Friday, October 7, 2011

The Cuban Missile Crisis Solved?

The "Cuban Missile"
The word coming out of Reds camp yesterday is the team plans to move hard-throwing, left-hander Aroldis Chapman from the bullpen to a starting role for the 2012 season. This according to John Fay of the Cincinnati Enquirer in his latest blog post.

The announcement should come as no surprise as the club even dangled the idea of transitioning the 23-year old before this past year as well.

In 69 career relief appearances over parts of two big league seasons, the Cuban fireballer has compiled a 6-3 record, a 3.27 ERA and 90 strikeouts over 63.33 innings.

I for one like this decision by the franchise. An arm such as Chapman's is too good to be relegated to the 'pen, unless of course the club was to tab him as their closer, which isn't going to happen if the team strikes an accord to bring veteran closer Francisco Cordero back for a couple more years.

I totally understand the mindset of both easing the youngster into MLB culture and not burning his arm out, but I think the time has come for the lanky 6'4 southpaw to emerge as a fixture in the Cincinnati rotation. If you're concerned about his arm wearing out prematurely consider this: he started 38 games in his last two seasons in Cuba, racking up nearly 200 innings combined during that span including 118 during his last campaign where he posted an 11-4 record.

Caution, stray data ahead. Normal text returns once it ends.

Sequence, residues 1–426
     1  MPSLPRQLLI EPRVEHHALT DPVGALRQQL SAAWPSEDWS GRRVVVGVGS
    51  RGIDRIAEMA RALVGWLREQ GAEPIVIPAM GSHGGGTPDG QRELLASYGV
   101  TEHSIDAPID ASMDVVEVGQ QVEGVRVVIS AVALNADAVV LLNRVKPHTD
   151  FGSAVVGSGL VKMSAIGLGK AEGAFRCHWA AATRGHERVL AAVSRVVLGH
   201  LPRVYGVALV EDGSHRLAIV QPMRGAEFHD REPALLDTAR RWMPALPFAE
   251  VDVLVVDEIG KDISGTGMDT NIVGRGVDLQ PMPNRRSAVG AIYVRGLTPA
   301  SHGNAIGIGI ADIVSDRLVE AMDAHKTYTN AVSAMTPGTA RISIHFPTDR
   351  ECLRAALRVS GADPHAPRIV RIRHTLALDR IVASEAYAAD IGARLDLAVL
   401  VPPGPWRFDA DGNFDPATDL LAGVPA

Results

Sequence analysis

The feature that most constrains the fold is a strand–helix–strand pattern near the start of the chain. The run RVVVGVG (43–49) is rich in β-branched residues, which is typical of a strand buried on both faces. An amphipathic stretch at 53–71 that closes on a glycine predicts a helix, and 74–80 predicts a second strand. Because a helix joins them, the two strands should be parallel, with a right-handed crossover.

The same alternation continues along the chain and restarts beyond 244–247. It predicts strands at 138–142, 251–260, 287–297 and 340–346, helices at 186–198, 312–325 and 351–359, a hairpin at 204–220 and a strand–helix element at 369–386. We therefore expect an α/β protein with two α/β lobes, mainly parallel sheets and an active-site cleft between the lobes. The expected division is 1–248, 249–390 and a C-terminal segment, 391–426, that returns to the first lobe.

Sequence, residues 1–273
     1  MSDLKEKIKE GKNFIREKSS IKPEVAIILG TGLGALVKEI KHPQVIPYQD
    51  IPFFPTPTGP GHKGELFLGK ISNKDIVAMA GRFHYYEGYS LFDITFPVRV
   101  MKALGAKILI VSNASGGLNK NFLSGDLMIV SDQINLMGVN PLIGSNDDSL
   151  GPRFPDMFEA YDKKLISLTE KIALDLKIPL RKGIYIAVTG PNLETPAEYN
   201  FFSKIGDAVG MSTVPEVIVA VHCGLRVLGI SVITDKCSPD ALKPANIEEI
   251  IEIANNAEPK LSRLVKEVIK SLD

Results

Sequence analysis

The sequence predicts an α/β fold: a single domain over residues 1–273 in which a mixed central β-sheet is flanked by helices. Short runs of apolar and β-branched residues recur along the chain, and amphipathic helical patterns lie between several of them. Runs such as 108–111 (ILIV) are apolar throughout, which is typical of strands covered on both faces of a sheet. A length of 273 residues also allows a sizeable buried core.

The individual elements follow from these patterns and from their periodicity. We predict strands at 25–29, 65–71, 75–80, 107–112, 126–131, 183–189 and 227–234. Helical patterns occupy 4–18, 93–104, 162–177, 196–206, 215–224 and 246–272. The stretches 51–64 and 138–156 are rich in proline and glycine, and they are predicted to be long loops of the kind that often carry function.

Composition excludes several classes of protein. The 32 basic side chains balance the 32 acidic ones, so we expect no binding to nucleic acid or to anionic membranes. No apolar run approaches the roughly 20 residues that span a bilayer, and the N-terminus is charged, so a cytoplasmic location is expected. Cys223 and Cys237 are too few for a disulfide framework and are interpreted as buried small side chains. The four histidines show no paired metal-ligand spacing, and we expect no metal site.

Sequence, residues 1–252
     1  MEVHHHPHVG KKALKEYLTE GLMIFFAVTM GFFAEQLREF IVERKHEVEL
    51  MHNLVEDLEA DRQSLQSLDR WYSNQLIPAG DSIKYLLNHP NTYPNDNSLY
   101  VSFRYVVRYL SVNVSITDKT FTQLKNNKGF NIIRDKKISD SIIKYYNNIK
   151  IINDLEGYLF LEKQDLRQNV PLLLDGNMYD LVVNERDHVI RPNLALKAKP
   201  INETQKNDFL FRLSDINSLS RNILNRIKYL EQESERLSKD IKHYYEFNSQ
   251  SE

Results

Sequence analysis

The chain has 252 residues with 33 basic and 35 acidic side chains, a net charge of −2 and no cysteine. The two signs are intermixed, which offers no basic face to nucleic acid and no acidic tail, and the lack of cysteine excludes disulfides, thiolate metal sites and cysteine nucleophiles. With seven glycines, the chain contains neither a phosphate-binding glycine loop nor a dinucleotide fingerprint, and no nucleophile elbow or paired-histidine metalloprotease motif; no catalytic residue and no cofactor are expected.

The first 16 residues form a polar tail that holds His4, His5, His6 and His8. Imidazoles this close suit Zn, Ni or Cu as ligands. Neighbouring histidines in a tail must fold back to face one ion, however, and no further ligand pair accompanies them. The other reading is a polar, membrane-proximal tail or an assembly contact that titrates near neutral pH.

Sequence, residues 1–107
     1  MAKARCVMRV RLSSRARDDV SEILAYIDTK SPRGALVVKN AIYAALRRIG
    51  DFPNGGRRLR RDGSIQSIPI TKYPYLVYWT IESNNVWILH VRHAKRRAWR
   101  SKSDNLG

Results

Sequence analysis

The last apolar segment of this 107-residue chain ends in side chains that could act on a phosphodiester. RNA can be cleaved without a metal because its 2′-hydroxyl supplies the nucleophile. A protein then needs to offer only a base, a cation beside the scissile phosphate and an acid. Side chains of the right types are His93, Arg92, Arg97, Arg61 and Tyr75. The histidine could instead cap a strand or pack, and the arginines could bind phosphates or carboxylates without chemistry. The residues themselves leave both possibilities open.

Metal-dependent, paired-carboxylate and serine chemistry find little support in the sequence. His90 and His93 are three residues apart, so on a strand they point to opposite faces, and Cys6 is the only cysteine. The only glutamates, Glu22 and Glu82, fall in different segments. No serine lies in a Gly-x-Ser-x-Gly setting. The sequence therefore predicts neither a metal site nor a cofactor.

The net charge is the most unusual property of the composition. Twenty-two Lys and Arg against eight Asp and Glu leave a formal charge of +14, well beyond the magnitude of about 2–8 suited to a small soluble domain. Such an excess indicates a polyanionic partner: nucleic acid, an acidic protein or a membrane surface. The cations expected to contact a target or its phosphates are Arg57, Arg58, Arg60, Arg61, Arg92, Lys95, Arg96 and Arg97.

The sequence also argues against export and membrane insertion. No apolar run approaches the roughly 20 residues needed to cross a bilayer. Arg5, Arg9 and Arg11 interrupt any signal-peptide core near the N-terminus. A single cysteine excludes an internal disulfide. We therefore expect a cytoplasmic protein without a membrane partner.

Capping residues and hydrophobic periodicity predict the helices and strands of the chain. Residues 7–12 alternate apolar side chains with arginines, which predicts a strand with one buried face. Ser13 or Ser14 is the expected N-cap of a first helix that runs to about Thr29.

Now consider this: Chapman tossed just 50 total innings in all of 2011. For the kind of stuff he possesses in his pitching arsenal, that total is just too low. If I'm a GM of any team, I want that guy taking the ball from the start of the game every fifth day -- not 2-3 times a week for an inning or so each.

Not only is he too talented to be watching the games from beyond the outfield walls, but he's not getting any cheaper either. Chapman is set to earn $2 million for each of the next two years, $3 million in 2014, and holds a $5 million player option for 2015. That's simply too much cash to dish out for a setup man, or a left-handed specialist -- unless you have money to burn like Boston, New York or Philly.

I'm not guaranteeing this move will propel Chapman to the Cy Young Award anytime soon, but I do think it's a move (and a risk) the club needed to make eventually. And on the heels of a disappointing season, some shakeup of the current makeup is in dire order.


Anonymous said...

Hopefully spring training will show whether he can keep the velocity up through a 5-inning start. This kid isn't Randy Johnson yet.

RedlegsWriter said...

I don't think the velocity will be a problem. He has started before. It will be whether or not he can consistently throw those heaters for strikes.